Five ways to avoid TEFL lesson failure
Have you followed the five ways to avoid TEFL lesson failure? Are you ready to step into your classroom and teach English?
How is your game-face checklist?
- Lesson plan – Check
- Teaching Material – Check
- Confidence – Check
- Happy Face – Check
Sometimes unexpected things make your lesson a flop. Sometimes not even the best planned, well prepared and thought out lesson plan can save you from flopping. All TEFL teachers have experienced that heart-stopping moment when you realise your lesson is just about to crash and burn. For most TEFL teachers, it is the worst feeling possible.
How can we avoid TEFL lesson failure? How can we prevent a car crash from happening? How can we maintain our first-rate reputations as TEFL teachers?
The key is to know and understand why sometimes your lessons flop. If you can find why your plan fails, you will avoid TEFL lesson failure in the future.
Let us look at five reasons lessons can flop and what you can do to avoid TEFL lesson failure.
1 - Your lesson plan is weak
A weak lesson plan contributes to lesson failure. There are several ways your lesson plan may not be as good as it should be. To have effective and engaging lessons, you must ensure the following:
- Your materials need to be appropriate, meaningful and engaging.
- Your classes must be structured and flow logically.
- You must give clear instructions on what your students must do.
- It would be best if you used engaging and motivating activities.
- The lesson you chose is appropriate for your students’ language level.
- Have lots of backup activities.
Most experienced TEFL teachers know that you must have backup activities if you finish your lesson quicker than you thought. Some back activities can also be alternative activity ideas if you’ve planned something that isn’t working well with your class. Your backup activities must include practice activities if your lesson is too challenging for some or too easy for others.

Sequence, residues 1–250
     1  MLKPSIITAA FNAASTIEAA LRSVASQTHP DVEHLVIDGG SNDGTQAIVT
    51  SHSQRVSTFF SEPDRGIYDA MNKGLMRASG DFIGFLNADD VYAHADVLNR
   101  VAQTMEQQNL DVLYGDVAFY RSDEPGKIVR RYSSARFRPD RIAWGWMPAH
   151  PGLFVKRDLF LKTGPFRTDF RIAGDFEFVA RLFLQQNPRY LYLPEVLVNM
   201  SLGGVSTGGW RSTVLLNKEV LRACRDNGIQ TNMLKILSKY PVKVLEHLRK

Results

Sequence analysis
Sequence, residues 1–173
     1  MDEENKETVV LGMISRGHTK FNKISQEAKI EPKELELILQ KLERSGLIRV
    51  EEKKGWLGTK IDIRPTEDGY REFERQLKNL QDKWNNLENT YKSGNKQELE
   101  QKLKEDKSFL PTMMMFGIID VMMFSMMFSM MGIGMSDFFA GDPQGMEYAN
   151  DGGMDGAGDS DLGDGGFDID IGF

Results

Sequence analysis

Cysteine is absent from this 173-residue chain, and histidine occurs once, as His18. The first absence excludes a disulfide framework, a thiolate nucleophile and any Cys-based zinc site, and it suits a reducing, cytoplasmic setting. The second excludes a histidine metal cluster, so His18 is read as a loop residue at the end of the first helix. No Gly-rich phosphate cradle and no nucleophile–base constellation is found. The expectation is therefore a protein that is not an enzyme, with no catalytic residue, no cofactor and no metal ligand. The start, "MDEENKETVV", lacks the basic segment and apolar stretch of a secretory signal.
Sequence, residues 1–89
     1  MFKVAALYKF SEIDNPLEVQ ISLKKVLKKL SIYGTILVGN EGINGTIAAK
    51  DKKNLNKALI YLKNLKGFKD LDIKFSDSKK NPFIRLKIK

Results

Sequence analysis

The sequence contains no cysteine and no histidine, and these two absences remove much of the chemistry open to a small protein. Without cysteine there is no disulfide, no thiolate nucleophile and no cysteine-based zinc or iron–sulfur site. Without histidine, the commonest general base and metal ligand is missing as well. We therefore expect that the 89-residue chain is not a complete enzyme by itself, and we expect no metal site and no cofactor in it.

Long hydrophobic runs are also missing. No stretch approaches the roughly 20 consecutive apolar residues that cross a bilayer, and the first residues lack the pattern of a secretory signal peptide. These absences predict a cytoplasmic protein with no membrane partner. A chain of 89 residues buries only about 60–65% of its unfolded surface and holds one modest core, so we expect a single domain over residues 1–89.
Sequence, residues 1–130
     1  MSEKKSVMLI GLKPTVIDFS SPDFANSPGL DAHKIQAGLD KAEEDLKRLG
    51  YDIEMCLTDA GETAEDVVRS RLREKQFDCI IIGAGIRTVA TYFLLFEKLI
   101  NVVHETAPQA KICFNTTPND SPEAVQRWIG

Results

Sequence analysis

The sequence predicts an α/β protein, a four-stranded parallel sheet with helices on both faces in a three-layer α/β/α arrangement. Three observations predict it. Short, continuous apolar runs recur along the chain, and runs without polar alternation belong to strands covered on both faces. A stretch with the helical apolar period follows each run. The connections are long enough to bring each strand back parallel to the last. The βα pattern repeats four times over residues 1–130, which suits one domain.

What you need to do: Make sure you stick to the six planning tips
Your lesson cannot be perfect all the time, but you are more likely to have a great lesson most of the time by ensuring you stick to these six planning tips.
2 - You don't know your students
Knowing your students is the key to having a great class. You need to understand how to adapt your lessons to your learners.
- You cannot plan an appropriate lesson unless you know and understand your learners.
- You cannot choose topics or activities that interest them unless you know their interests.
- You cannot plan relevant activities unless you know their learning objectives, strengths and weaknesses.
- You cannot build rapport with your learners if you don’t empathise.
Many reputable schools give their TEFL teachers the students’ backgrounds, levels, goals, objectives, limitations, etc. However, if you are self-employed, meaning you manage and teach your classes, make sure you do a needs analysis. A needs analysis will make your lesson planning more manageable and your classes enjoyable for you and your students.
What you need to do: Understand your students
When you first meet your students, perform a needs analysis. The needs analysis gives you an idea of your learners’ levels and why they are in your class learning English. However, you will only get to know your students as you teach them. So please don’t underestimate the power of casual conversation and pay attention to what your students are saying.
3 - You will never have a class where every student has the same level
What I am about to tell you is frightening yet very common in the TEFL world. Although they tell you that the class is a B1 (CEFRL) or an Intermediate level, there are many sub-levels in each level. For example, they could say B1-B2 – Intermediate. Then they say Pre-Intermediate, Lower Intermediate, Intermediate and Upper-Intermediate. I have just given you four different Intermediate levels! Be prepared to adapt your lessons. Make the range wider. Include activities that will challenge a Lower Intermediate but still be helpful for an Upper-Intermediate. At the end of the day, if you teach, engage and motivate, then you’re onto a winner.